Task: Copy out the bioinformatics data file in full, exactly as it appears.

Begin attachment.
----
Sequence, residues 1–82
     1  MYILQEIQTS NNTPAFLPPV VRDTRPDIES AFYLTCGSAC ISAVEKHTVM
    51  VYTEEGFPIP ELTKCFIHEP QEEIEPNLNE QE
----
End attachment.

Sequence, residues 1–82
     1  MYILQEIQTS NNTPAFLPPV VRDTRPDIES AFYLTCGSAC ISAVEKHTVM
    51  VYTEEGFPIP ELTKCFIHEP QEEIEPNLNE QE